Some of war’s more light-hearted moments have been given a new lease of life after being expertly colourised.
The incredible images show Allied soldiers mocking Adolf Hitler from his famous balcony at the Chancellery in conquered Berlin, Sherman tank crews watching a boxing match between two soldiers in Sicily and Maoris of ‘C’ Company, 28th Maori Battalion of the 2nd New Zealand Division perform the ‘Haka’.
Other striking shots show animals during the war as an American corporal aims a Colt M1895 atop a Sri Lankan elephant, puppies greet Marine tanksman Private Bruce Rutherford as he returns from Okinawa and Unsinkable Sam, the only cat in WWII to have served in both the Kriegsmarine and the Royal Navy.
The black and white photographs were painstakingly colourised by design engineer Paul Reynolds (48) from Birmingham, UK.
“Often, I try to choose photos that show an unusual side to the war, or photos that make you want to know more about the image you’re looking at,” he said.
“I think photos of this kind always benefit from being colourised. I think had the photographers at the time had colour equipment more readily available they would have used it.
“My favourite photo there is probably the Sherman tank commander cleaning his Thompson Sub machine gun whilst surrounded by puppies; so cool.”
Paul first started colourising with a family photo of my great Grandmother and progressed from there. He explained his other favourites in this set.
“My favourite story there is about Unsinkable Sam the ships cat, the only cat in WWII to have served in both the Kriegsmarine and the Royal Navy,” he said.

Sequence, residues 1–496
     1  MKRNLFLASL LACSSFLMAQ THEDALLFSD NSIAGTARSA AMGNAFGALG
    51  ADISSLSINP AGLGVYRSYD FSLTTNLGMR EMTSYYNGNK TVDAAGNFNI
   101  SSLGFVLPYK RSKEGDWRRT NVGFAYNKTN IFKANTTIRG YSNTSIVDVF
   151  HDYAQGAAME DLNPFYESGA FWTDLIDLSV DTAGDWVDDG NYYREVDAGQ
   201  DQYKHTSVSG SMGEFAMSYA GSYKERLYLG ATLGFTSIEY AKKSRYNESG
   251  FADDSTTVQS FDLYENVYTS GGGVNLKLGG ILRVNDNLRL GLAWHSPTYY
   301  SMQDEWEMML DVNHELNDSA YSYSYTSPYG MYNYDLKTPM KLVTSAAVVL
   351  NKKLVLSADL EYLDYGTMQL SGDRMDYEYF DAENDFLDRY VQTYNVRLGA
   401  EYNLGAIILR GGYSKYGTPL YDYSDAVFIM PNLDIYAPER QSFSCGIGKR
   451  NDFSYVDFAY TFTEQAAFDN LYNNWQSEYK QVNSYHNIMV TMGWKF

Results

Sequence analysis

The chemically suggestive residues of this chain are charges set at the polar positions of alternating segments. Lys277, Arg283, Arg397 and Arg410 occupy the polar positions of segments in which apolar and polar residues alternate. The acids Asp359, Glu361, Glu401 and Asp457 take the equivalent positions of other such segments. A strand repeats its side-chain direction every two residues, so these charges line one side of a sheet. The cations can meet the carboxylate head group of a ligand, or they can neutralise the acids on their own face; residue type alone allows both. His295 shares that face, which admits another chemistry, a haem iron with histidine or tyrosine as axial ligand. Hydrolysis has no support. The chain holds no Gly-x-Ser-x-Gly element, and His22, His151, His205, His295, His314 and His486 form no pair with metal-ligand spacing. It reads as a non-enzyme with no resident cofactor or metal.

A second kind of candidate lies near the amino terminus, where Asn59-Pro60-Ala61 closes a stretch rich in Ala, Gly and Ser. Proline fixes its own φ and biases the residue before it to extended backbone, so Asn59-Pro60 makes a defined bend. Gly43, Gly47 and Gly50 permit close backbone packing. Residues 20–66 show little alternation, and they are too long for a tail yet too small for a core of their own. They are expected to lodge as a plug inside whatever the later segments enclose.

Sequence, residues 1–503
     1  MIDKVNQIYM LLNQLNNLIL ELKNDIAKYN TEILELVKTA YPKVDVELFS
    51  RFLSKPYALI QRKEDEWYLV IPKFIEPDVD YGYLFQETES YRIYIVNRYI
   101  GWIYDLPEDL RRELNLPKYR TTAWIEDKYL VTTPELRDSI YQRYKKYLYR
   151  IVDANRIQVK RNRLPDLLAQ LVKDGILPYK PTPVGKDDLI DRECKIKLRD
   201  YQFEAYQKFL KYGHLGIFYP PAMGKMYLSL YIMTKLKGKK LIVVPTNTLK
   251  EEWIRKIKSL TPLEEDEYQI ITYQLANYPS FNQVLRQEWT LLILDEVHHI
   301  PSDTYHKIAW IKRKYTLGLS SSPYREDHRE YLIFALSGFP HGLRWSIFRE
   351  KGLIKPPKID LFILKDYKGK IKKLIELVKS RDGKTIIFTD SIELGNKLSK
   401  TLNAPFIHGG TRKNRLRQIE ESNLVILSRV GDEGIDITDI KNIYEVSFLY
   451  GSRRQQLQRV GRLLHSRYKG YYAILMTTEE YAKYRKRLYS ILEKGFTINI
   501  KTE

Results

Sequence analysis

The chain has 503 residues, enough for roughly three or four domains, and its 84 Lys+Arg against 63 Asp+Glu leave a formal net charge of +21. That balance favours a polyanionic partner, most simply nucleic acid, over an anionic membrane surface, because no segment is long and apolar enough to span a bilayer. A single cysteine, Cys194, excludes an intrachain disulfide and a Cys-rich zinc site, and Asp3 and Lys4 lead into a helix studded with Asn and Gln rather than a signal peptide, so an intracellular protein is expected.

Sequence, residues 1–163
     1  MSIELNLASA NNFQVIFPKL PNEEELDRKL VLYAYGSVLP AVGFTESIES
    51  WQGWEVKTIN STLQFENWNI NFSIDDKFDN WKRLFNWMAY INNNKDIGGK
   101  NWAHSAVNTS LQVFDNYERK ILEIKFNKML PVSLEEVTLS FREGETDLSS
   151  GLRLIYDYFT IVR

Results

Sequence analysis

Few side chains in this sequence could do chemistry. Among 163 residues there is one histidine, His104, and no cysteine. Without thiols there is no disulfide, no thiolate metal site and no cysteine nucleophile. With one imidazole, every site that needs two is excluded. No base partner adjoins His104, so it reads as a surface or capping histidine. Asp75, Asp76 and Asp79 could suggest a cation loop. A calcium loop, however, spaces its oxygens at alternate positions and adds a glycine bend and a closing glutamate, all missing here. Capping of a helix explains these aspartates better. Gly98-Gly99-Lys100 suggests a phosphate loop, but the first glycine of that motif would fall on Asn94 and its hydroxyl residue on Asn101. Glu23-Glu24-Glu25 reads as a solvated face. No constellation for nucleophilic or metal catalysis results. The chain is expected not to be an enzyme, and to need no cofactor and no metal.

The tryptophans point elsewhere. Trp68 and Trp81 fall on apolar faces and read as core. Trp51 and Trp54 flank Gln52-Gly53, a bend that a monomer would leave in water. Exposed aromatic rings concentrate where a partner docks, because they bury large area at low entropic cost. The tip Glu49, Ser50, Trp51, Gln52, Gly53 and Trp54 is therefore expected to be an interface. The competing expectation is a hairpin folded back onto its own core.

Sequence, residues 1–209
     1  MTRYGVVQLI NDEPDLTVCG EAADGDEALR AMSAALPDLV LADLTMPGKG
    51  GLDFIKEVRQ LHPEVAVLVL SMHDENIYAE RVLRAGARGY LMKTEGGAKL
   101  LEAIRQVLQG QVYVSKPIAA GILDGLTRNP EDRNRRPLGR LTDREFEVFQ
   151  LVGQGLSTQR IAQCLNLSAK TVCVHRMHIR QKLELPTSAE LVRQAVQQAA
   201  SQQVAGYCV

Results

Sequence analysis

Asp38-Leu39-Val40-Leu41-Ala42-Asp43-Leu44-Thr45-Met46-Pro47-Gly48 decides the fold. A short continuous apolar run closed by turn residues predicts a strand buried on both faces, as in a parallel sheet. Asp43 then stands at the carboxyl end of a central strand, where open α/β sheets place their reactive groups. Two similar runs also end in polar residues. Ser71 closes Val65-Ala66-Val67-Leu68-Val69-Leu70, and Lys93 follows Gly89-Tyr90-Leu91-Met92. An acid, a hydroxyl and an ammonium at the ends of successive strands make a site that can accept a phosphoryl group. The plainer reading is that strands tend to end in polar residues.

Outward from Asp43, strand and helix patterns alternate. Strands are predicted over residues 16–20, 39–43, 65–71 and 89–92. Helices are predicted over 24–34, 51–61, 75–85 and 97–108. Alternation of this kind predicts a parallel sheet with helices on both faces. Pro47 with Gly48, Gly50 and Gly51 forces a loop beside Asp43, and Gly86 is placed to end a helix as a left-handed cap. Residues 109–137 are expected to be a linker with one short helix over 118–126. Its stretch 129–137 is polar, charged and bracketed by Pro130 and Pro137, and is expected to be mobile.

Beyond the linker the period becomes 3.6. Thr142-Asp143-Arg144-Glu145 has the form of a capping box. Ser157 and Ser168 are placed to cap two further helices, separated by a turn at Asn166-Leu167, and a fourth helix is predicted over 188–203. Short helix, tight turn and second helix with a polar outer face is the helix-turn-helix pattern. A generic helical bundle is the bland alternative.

“The Marine on an Elephant photo is an eye catcher. It gets people talking and debating on my Facebook page as to whether it’s a viable tactic or just Marines having fun.”
Michael D. Carroll is a journalist and author with a particular interest in historical photography.
From his base in Birmingham, UK he directs bespoke press agency mediadrumworld.com, and through his work at the agency, Michael came into contact with the thriving community of colourisors of historical images.
After placing several colourised history features into the national newspapers in the UK, he enlisted the support of this community to publish Retrographic, the first book to present a specially curated selection of iconic historical images in living colour.
“Rightly, many people, including the colourisation artists I have worked with, have a deep respect and feel strongly about the aesthetic value of black and white in framing the subjects in such a way as to make them more ‘classic’ and ‘timeless’,” he says.
“Psychologically we attach to the black and white medium a huge amount of baggage associated with our conception of the past, and a simple example of this in our digital experience is the use of black and white filters on our mobile devices, or Instagram accounts, to create a vintage feel to our images.
“Even if they were only taken seconds ago, adding black and white to the people in the pictures suddenly makes them look like they could be from a remote period in history. It can be argued that the addition of colour to black and white has the reverse psychological effect, making them feel more contemporary and less detached from the present.
“Many of these images are so famous, they are part of the tapestry of world civilization and will be familiar to nearly everyone.
“However, when something familiar is made unfamiliar, in this case through the addition of colour, the viewer is invited to consider the object as if for the first time.”
With the support of ambassadors from the world’s first society for photographers, the Royal Photographic Society, UK, images and reviews on Retrographic have been featured in newspapers and online zines, including the Daily Mail, Telegraph, Times, Fstoppers, War History Online, and ePHOTOzine.
The book has recently been taken into the private collection of London’s prestigious Victoria and Albert Museum, in recognition of its contribution to the history of photography.
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